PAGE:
The Magazine of Horticulture 23: 67-68 (Feb. 1857)
THE ROSE.—No. 2.

* Continued from Vol. XXII., p. 516.

A FEW remarks* only can be added on the systematic classification of the varieties of the Rose, the subject being deferred until another season shall have afforded more ample opportunities for observation.

Hardiness is an important characteristic, not only distinguishing certain classes of roses, but different varieties of the same class. The Remontants are, as a class, considered perfectly hardy in the northern and eastern states; the Bourbons next in point of hardiness; and the Teas, Bengals, and Noisettes, generally too tender to stand out, without special protection, in those states. But the intense cold of the winter of 1855-6, made some striking and important discrimination among the Remontants and Bourbons in the vicinity of Washington. At least ninety in a hundred of Remontants were killed-in to some extent, and many down to the snow level, while a few were not injured. I regret that careful observations had not been made, for roses that could resist such protracted and intense cold would be the safest to recommend for the highest latitudes of rose traffic. A few only were specially noted. Baron Prevost, Reine des Fleurs, Pius Ninth, Earl Talbot, Mrs. Elliot, Lane, Yolande d'Aragon, Lion des Combats, and Madame Laffay, —all good roses,—were all observed as not injured in the least. The favorites, La Reine and Geant des Batailles, suffered considerably. One Madame Laffay, twelve feet high, on a trellis in a bleak exposure, came off sound to the highest terminal buds; while a Princess Marie and Felicite Perpetuelle, both "hardy," (?) annual-blooming climbers, in a similar exposure, were cut down nearly to the ground. The Prairies, Boursaults, and Summer roses, generally, were unharmed. The Bourbons, Bengals, Teas, and Noisettes, were all more or less injured, and but for the protection of snow during all of the severest cold, a vast many of these latter, as well as many of the Remontants, would have been killed outright. That severe wintry ordeal " made the reputation " of one rose, hitherto but little cultivated,—the rose, Enfant d'Ajaccio, or Souvenir d'Anselme, classed among the Bourbons for want of a better place. Shoots of this rose, twenty feet long, upon a trellis, were uninjured, even to the terminal buds. Buist commends this rose in high terms, and Paul has well said that "Gloire de Rosamene suffers from severe frost, but its progeny is hardy." This proof of its endurance of cold will add one to its good qualities, and entitle it to a still higher rank in collections of good roses.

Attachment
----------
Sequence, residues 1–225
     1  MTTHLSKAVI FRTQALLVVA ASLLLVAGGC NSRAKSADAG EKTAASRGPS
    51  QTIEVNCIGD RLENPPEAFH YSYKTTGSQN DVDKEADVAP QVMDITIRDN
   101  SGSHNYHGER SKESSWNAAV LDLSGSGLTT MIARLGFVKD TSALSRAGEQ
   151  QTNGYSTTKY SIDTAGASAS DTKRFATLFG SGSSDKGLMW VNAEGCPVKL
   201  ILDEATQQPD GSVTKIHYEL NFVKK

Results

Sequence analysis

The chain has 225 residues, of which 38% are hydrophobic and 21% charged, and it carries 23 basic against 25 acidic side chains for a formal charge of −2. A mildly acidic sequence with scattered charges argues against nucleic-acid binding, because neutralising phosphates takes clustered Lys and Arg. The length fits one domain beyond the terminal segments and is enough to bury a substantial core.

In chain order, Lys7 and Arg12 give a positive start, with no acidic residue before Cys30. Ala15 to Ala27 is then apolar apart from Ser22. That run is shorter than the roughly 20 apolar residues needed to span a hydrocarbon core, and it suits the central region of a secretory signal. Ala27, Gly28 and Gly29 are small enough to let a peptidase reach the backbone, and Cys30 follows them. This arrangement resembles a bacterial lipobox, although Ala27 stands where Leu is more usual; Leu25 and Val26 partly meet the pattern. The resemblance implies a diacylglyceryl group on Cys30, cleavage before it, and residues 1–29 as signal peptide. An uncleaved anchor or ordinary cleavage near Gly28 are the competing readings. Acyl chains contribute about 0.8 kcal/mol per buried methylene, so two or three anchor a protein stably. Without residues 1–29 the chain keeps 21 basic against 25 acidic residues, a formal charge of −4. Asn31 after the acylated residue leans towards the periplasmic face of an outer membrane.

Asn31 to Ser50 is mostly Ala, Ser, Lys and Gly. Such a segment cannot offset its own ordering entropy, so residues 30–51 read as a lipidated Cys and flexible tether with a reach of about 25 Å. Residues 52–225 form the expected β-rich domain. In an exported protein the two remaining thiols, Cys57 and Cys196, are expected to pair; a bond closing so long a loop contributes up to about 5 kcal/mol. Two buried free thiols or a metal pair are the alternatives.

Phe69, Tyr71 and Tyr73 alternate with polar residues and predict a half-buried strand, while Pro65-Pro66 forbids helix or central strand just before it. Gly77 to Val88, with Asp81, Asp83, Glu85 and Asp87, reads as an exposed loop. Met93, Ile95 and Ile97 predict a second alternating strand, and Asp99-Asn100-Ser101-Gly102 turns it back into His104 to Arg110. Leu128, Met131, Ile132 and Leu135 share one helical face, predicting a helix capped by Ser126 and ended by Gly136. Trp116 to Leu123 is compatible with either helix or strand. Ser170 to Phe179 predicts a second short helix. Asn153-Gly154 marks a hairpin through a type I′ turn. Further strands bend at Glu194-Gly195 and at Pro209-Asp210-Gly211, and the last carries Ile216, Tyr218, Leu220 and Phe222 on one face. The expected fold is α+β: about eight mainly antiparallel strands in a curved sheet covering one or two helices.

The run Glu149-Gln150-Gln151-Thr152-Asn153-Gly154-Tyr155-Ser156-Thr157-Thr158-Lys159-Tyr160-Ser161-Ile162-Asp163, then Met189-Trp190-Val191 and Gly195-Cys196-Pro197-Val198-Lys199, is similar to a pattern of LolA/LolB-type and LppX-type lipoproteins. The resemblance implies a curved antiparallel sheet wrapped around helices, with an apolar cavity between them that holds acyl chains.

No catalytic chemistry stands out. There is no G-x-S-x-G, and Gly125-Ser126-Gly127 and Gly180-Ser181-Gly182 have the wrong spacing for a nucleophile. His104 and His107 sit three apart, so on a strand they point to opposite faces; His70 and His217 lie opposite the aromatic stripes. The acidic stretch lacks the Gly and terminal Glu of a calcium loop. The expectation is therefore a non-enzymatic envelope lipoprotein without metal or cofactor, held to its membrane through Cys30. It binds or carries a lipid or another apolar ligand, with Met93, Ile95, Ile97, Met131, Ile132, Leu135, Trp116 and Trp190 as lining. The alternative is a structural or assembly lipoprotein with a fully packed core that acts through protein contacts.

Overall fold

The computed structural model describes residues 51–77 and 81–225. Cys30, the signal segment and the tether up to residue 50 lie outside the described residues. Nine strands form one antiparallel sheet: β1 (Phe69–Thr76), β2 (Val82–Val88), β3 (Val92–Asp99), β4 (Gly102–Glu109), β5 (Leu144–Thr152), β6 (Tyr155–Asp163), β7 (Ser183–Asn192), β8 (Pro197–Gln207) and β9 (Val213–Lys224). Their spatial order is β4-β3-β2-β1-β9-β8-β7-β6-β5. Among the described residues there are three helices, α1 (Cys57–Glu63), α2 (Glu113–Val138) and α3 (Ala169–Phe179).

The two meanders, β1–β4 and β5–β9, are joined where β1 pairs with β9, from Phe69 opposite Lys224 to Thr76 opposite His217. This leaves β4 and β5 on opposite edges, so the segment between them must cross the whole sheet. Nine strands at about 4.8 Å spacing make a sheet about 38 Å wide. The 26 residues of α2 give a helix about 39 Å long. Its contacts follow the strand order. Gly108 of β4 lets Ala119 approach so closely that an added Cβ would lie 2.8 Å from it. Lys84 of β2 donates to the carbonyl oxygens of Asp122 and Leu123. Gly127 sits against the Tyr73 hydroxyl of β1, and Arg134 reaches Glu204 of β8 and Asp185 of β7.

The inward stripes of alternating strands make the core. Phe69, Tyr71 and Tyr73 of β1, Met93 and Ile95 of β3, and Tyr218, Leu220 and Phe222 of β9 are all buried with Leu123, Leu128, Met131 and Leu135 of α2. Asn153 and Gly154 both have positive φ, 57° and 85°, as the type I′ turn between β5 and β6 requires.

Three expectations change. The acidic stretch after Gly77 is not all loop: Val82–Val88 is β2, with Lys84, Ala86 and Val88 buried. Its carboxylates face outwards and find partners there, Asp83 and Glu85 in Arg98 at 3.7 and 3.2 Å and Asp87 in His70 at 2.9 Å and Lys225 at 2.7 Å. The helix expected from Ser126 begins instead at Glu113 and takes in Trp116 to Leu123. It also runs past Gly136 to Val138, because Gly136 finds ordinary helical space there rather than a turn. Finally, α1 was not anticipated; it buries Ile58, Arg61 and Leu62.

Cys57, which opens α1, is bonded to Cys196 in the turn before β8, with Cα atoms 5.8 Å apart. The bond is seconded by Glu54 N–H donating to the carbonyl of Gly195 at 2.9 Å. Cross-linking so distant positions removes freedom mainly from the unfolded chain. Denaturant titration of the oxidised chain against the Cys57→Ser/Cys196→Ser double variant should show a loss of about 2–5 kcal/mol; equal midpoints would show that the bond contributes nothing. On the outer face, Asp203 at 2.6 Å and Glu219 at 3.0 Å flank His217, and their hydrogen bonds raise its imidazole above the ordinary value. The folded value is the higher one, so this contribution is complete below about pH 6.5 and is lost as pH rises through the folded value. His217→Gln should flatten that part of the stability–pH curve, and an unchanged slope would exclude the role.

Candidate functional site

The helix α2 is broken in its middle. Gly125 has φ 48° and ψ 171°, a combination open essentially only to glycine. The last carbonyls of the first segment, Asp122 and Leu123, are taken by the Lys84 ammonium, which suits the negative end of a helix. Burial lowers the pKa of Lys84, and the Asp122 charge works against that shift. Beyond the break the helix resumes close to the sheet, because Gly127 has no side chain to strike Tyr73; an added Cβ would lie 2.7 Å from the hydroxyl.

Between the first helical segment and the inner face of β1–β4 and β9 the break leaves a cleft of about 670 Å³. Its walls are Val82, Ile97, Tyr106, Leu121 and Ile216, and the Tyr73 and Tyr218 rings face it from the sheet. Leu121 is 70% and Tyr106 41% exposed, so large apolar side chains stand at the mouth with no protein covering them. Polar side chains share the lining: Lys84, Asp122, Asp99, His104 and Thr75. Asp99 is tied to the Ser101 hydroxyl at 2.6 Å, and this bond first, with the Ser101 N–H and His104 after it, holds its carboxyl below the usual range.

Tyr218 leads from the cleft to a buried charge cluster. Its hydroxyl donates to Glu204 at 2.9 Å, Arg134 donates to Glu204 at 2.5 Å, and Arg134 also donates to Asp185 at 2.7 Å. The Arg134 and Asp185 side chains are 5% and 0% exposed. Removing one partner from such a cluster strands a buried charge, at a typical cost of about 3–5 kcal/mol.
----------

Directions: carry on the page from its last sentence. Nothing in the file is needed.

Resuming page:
The hardiness of Tea roses is quite circumstantial in this climate. They are winter or spring killed at times, when unprotected, chiefly because of their growing so late in the fall, and, in open weather, in the winter. It is generally advised not to transplant Tea roses in the fall, but I have seen it attended with salutary effects. A Solfaterre bush, transplanted in the fall, was uninjured by the winter; while another, of the same age and size, not removed, was killed to the ground. The effect of transplanting was to prevent winter growth. It will be seen from the above few observations, that the term " perfectly hardy," so often applied to some of our best roses, must be taken with allowance and caution, and that we need yet many observations, of a closely discriminating character, in respect to the relative endurance of the varieties and classes. Cloth of Gold, Solfaterre, Lamarque, and Ophire, and Tea La Sylphide, were almost exterminated from this region last winter; Fortune's Yellow was sadly mutilated; and White Microphyllas furnished cords of dead wood in the spring pruning. The new Tea rose, Gloire de Dijon, with its immense shoots of six and eight feet, proved as hardy as Chinese Daily; and, from all appearances, this variety will be found to excel all others of its class for wall growth in the greenhouse.

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